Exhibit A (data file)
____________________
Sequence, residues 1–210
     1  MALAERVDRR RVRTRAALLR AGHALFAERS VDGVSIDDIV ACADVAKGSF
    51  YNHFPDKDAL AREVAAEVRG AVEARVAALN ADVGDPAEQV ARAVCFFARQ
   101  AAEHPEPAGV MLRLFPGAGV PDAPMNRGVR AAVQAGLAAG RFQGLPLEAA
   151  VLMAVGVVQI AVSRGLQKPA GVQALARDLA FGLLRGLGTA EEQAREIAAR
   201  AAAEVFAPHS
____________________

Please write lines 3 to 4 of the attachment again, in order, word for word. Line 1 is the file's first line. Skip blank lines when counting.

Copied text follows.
    51  YNHFPDKDAL AREVAAEVRG AVEARVAALN ADVGDPAEQV ARAVCFFARQ
   101  AAEHPEPAGV MLRLFPGAGV PDAPMNRGVR AAVQAGLAAG RFQGLPLEAA